SMCPL team of experts will conduct a comprehensive onsite risk assessment. This includes an evaluation of your organization’s regulatory status based on security standards, administrative safeguards, technical safeguards, organizational requirements, policies & procedures, and documentation requirements. The report developed is based on the findings outlining any deficiencies and will include the steps needed to remediate them.


SMCPL does not just provide a gap analysis and walk away. Our team creates a customized Remediation Project Plan based on the findings, enabling your organization to track its progress. Covered entities and business associates can then correct the identified deficiencies with internal resources or outsource that work effort to SMCPL. SMCPL provides security consulting, network design, technology evaluation and selection, policy and procedure development, and IT integration and configuration services.

Validation and Reporting

Upon completion of deficiency remediation, SMCPL conducts a final audit review and issues a report of compliance. The report gives authorities, partners, and leadership proof of your organization’s compliance validated by a nonbiased third party.

Analyse the Administrative, Physical, IT and Policies & Procedure operations to determine what is in scope for the HIPAA / HITECH regulatory requirement.
Assess the BA's regulatory posture and provide a report outlining deficiencies and vulnerabilities and the steps needed to remediate them.
We provide assistance creating the Remediation Project Plan which is available to the Company's Project team for the life of the entire project. Covered Entities and Business Associates may correct deficiencies with internal resources or outsource that work to SMCPL.
Upon completion of deficiency remediation, SMCPL conducts a final audit review and issues a report of compliance. This report can be shared with all appropriate authorities as proof of third party validation of compliance.
Regulatory compliance is an ongoing process that requires monitoring compliance levels by performing required daily, monthly, quarterly and annual compliance tasks and preparing audit documentation for planned and unplanned audits.

Health Information Trust Alliance (HITRUST)

The Health Information Trust Alliance (HITRUST) Common Security Framework (CSF), a build upon of HIPAA information security guidelines and requirements, has become the information protection framework for the healthcare industry. The HITRUST CSF is a collaboration of healthcare, technology, and information security leaders charged with creating a certifiable framework that provides organizations with a comprehensive, flexible and efficient approach to regulatory compliance and risk management.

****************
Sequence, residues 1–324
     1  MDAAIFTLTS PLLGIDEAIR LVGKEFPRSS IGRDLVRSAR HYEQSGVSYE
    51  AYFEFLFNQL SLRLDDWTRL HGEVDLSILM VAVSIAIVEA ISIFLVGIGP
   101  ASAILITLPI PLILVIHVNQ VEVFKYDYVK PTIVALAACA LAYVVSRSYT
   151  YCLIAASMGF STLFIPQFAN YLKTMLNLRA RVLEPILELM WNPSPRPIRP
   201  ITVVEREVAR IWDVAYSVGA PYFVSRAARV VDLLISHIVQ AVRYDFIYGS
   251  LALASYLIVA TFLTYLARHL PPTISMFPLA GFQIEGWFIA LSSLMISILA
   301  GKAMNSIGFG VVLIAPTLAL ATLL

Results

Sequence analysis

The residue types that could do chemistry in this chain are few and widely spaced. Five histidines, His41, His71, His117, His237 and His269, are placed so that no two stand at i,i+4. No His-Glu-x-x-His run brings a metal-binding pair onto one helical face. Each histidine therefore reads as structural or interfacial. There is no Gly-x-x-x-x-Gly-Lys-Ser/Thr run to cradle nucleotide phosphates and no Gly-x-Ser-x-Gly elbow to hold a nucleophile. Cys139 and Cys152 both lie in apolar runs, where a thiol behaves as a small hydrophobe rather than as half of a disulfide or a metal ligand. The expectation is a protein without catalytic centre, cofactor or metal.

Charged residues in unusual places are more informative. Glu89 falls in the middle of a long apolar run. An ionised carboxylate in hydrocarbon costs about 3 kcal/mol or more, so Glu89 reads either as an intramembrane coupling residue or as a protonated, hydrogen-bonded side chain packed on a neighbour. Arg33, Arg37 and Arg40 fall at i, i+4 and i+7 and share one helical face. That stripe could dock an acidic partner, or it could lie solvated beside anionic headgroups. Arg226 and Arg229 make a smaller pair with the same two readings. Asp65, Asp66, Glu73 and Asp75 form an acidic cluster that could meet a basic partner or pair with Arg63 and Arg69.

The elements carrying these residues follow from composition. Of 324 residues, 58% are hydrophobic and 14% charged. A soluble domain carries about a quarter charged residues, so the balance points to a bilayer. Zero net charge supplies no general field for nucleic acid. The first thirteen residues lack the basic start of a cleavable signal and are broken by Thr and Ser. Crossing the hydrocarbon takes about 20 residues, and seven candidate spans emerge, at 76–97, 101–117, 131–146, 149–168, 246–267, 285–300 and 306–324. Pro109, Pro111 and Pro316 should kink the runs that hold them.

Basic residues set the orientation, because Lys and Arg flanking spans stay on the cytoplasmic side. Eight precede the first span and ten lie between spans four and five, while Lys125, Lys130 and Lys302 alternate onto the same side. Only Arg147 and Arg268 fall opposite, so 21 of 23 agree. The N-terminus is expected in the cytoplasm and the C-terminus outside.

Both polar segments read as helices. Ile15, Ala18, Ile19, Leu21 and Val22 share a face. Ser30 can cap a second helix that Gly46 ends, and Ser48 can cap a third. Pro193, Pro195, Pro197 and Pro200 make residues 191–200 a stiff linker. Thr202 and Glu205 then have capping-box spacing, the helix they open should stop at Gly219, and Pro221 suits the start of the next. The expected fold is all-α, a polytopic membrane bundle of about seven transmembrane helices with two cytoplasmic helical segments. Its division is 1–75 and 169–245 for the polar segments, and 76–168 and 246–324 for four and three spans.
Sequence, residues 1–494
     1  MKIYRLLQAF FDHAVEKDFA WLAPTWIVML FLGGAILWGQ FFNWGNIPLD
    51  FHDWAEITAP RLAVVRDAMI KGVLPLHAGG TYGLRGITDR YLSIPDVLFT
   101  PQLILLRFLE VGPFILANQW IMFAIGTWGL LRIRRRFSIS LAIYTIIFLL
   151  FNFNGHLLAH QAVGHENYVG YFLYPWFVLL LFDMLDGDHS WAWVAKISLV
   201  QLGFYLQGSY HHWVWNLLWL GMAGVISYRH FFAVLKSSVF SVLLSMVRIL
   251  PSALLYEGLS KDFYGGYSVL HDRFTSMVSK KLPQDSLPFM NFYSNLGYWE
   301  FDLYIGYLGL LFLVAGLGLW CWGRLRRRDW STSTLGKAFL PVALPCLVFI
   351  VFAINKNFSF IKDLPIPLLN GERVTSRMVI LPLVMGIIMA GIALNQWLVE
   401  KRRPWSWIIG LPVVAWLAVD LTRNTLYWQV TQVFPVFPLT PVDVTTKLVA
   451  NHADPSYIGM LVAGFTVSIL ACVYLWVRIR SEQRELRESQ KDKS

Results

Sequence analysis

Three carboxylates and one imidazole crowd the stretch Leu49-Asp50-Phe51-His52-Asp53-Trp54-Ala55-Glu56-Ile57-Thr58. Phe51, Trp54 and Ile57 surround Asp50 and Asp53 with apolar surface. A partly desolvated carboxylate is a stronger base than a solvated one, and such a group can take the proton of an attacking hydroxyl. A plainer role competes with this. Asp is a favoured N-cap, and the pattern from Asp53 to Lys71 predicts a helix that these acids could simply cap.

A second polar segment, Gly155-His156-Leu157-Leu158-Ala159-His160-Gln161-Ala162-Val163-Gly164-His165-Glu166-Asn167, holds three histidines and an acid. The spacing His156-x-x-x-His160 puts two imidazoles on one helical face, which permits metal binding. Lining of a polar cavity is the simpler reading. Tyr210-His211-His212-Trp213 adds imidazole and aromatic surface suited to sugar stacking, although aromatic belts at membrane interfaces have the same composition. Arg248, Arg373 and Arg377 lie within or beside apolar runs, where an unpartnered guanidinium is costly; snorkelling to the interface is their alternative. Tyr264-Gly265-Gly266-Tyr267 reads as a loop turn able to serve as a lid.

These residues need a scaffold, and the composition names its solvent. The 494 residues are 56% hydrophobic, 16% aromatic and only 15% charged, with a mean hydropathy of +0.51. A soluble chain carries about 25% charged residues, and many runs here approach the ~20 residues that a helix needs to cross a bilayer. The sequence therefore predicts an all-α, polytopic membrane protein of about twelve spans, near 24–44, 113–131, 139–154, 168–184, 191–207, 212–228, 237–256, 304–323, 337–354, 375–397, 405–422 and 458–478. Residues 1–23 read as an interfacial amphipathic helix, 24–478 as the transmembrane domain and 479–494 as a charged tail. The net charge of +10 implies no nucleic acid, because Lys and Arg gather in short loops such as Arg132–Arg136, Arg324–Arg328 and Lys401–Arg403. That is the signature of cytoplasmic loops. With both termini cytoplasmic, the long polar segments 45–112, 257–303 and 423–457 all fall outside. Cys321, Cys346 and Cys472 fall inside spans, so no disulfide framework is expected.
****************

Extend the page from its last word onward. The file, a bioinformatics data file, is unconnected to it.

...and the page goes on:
In the past, the standard for information security in the healthcare industry was the Health Insurance Portability and Accountability Act (HIPAA). Instituted in 1996, the primary goal of HIPAA is to make it easier for people to keep their health insurance, to protect sensitive healthcare information, and to reduce healthcare administrative costs.

HIPAA standards require healthcare providers to ensure the confidentiality, integrity and availability of any data they create, access, store or transmit, and also provide reasonable protection of this sensitive data. Oftentimes however, HIPAA guidelines are too vague and allow too much latitude in their interpretation. As a result, healthcare providers that adhere to HIPAA requirements are often unsure of what constitutes “reasonable and appropriate” protections. At times, providers may introduce security policies that are unnecessary, or even at times, inadequate.

HITRUST helps organizations by laying out a comprehensive and efficient framework for managing security requirements described in HIPAA. HITRUST should be looked at as an important, industry-managed approach to meeting HIPAA security requirements.